The picture above is the soft cheese curds draining, they were left with minimum disruption to gently give up their whey.  Just occasionally we moved the cloth to softly tumble the curds allowing puddles of whey to fall into the container below. The final processing, salting and adding flavourings was carried out at the end of the day, I created a cayenne and chilli version and kept one batch plain (I may add some horseradish from the garden to half and try the other half with fresh blood oranges). The soft cheese is delicious and the flavours enhance over the following 24-48 hours.

Soft lactic cheese with cayenne and chilli

 

The other main cheese production of the day was a cheddar. This gave the opportunity to stir the curds as they were reheated in their whey, a key part of the process the curds reduce in size and increase in ‘ping’.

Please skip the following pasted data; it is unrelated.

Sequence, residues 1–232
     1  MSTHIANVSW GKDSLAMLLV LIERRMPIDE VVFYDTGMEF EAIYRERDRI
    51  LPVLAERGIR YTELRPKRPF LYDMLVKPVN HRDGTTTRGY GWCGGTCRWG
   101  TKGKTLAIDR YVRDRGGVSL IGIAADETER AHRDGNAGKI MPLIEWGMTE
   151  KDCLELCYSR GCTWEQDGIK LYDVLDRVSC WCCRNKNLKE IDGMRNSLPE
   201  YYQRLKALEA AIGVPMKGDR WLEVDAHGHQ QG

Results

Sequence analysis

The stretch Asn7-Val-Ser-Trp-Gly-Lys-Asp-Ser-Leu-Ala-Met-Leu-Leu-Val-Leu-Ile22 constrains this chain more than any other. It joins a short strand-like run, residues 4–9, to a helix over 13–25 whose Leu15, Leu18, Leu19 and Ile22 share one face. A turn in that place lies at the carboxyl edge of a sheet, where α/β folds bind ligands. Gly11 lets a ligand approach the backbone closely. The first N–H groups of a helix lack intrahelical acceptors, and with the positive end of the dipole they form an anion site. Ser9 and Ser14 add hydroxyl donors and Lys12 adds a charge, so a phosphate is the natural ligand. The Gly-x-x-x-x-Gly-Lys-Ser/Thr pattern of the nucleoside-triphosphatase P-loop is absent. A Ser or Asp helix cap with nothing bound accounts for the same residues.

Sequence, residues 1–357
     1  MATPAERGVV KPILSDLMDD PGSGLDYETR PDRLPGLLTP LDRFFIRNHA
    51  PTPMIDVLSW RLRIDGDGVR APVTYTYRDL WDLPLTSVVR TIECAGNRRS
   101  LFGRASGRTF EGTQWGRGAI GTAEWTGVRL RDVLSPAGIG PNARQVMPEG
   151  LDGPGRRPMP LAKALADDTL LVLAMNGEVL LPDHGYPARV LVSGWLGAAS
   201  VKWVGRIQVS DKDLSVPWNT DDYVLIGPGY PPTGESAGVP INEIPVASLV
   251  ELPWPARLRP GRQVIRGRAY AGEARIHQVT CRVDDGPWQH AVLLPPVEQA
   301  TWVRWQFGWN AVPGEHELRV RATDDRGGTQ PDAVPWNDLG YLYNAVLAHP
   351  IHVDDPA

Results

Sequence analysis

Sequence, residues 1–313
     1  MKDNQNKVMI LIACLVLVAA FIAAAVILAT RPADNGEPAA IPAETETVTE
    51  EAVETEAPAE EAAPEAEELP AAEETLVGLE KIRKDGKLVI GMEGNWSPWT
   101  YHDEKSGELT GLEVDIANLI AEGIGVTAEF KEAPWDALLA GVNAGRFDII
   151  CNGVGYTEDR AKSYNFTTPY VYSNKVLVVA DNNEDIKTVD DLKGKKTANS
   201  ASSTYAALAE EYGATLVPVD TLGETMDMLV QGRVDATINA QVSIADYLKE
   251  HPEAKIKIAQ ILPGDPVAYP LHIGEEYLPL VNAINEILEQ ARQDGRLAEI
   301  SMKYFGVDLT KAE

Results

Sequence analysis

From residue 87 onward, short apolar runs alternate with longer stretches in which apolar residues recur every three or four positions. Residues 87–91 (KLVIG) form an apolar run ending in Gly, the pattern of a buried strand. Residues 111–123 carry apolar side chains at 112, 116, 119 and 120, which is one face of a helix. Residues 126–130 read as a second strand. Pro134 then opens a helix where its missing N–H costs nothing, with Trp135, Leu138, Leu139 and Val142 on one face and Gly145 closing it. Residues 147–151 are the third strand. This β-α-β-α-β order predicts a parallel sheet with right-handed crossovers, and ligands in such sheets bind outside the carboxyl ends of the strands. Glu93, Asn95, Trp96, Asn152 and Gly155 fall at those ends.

Stirring the curds as they warm

 

The resultant curds are then strained and later pressed lightly in a single block. The block is then cut and stacked, the cheddaring process. Later this is broken down by hand into smaller bits, milling, and salted before putting into the press for the final stage.

Milled cheese being added to mould

After pressing, turning and pressing again the cheese emerged, pale and interesting.

The pressed cheddar

 

Now my little cheese is sitting in its cave, actually a cardboard box with a cup of water to raise the humidity and has become mellow yellow. I am exhibiting my best efforts at patience while it matures and becomes a star in its own right.

Of course I have brought the stages of the day together in this post; one of the great things about cheese making is that its not a hurry, there are pauses and opportunities to do other things.  Have coffee, chat, a wonderful lunch was provided (no surprises that cheese featured heavily) and a tour of the dairy manufacturing, packaging and cheese storage rooms. we also made mozzarella with much elastic stretchy, pinggggy fun!  The cheese below I really like the look of, the shape is from the colanders that the cheese are formed in and they remind me of the sourdough breads made by @pumpstreetbakery that take their form from the proving baskets.